Message: 3 Date: Thu, 9 Jun 2005 17:23:08 EDT From: Claire Francis Subject: Re: Marva Josie Hi there Groovy S'pop People, I just got this forward about Marva's record...... > In the meantime here's a tip Marva Josie's "Later For > You Baby"/"You Lied" might be about to go big. I speak to Marva often...I am going to call her and tell her about "Later For You Baby and "You Lied". I am sure she will be very happy to hear that. When I told her about "Dont...." selling for $208... on E-Bay, she was really shocked. Now, she will be equally as flipped when I tell her about the above. It is always great talking with Marva because we always wind up singing the most incredible songs over the phone in fantastic harmonies. The two of us used to sing in the car while we drove around promoting "ILove New York". We sounded incredibly great then and even better now. I'm trying to convince her to me up to New York to cut a demo together. Can you imagine what a sound that would be!! Just recently, Tom Austin, an artist I used to produce flew to New York to play me his recent songs and demos and consult with me about his music. As some of you know, he is the President of Sherman Clay Piano Company and is very busy. One of the things we discussed was my helping to find Tom a rep for his music. He has a great catalog. I am putting this out there just in case anyone knows of a good rep that has lots of good contacts and can play his songs for the right people ...his music is great...the genre is in several areas...Americana; Rock; Country; If anyone is interested or knows of anyone, please contact me offlist. I would like to help him, he has a great voice and is a really fine writer... I miss the S'pop Nation!!! I recovered from my surgery very well my family is packing, moving, unpacking all in the next three weeks, and then I go back for the second part of my surgery on July 11th....So thanks for the forwards, and the emails, and keep me in your prayers... Love and Light ClaireFrancis -------------------[ archived by Spectropop ]-------------------
Message: 4 Date: Thu, 09 Jun 2005 21:11:48 -0000 From: Laura Pinto Subject: Re: Jeff Barry interview Deena J Canale wrote: > Jeff Barry interview, from the L.A. Weekly: > Hi, I'm so glad you posted this - it's one of the best writeups on Jeff that I've ever seen, and as his webmistress I've done some writeups on him myself! I've added this link to the front page of his site. Thanks, Laura -------------------[ archived by Spectropop ]-------------------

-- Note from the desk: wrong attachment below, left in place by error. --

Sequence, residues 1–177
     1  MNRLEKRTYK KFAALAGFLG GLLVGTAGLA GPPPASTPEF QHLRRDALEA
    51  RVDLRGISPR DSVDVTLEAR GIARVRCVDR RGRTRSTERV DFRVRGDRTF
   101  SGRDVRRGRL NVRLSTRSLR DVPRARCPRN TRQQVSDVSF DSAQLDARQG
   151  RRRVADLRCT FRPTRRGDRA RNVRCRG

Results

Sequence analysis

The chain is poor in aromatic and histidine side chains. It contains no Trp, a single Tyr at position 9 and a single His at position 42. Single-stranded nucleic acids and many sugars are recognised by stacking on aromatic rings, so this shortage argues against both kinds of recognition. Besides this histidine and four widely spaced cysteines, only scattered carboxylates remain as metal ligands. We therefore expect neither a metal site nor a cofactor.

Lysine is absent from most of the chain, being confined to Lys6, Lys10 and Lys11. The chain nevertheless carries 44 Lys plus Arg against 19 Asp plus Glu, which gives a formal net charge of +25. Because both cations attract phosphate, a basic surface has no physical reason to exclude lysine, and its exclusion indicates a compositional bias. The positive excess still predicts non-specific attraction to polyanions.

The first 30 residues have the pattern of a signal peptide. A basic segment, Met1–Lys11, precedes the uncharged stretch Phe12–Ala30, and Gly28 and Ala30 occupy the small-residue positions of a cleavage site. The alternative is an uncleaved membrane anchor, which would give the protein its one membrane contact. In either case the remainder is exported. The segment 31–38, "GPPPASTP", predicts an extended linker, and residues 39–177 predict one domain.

Message: 5 Date: Thu, 9 Jun 2005 18:18:23 EDT From: John Fox Subject: Re: Rock & Roll Heaven Lyrics Alan O'Day writes: > REMEMBER BAD BAD LEROY BROWN, JIMMY TOUCHED US WITH THAT SONG Alan, This issue has always been in my sick mind, so now I can ask the source! Since the first verse included a "Jimi" (Hendrix) and a "Jim" (Morrison), and since no one called Jim Croce "Jimmy", did you ever consider anyone else for that verse (or perhaps referring to him as "Croce" which at least fit the meter)? John Fox -------------------[ archived by Spectropop ]-------------------
Message: 6 Date: Thu, 09 Jun 2005 22:09:07 -0000 From: Charles Sheen Subject: Re: Billy Storm Simon White wrote: > .... I also wonder if any members of The O'Jays might have > seen the movie, because there are hints of "Lonely Drifter", > the song they recorded with H.B. Barnum, in there too. I have that 45, and I also hear "Lonely Drifter". Since we're on the subject of the O'Jays, does anyone have the "Coming Through" album on Imperial? There is one cut that sounds just like "On Broadway", but the song is called "I'm Gonna Make It". Either way, I like most of the songs on the LP. As a side note, Billy Storm was my aunt's first husband, and my father, Bobby, often subbed for him while he was with the Valiants/Alley Cats on a few recordings. I know for sure he's on "Puddin' 'n' Tain". We have a few pieces of sheet music from the early 70s by Billy and Rip Spencer, a song called "One Night Stand". My father said both he and Billy recorded it. Has anyone heard of it? Charles Sheen -------------------[ archived by Spectropop ]-------------------
Message: 7 Date: Fri, 10 Jun 2005 01:26:20 -0000 From: Margaret G. Still Subject: Re: Main Line Records Phil Hall wrote: > I could be wrong (and it wouldn't be the first time), but > I thought that Main Line Records was based in Philly. That makes sense - I believe there is a section of Philadelphia called the "Main Line". Thanks to all for the info on the Dantes' version of "Connection" on the Mail Line label. Now, I wonder if "Connection" was ever covered by a girl group. It seems so right for a girl cover. Best, Margaret G. Still -------------------[ archived by Spectropop ]-------------------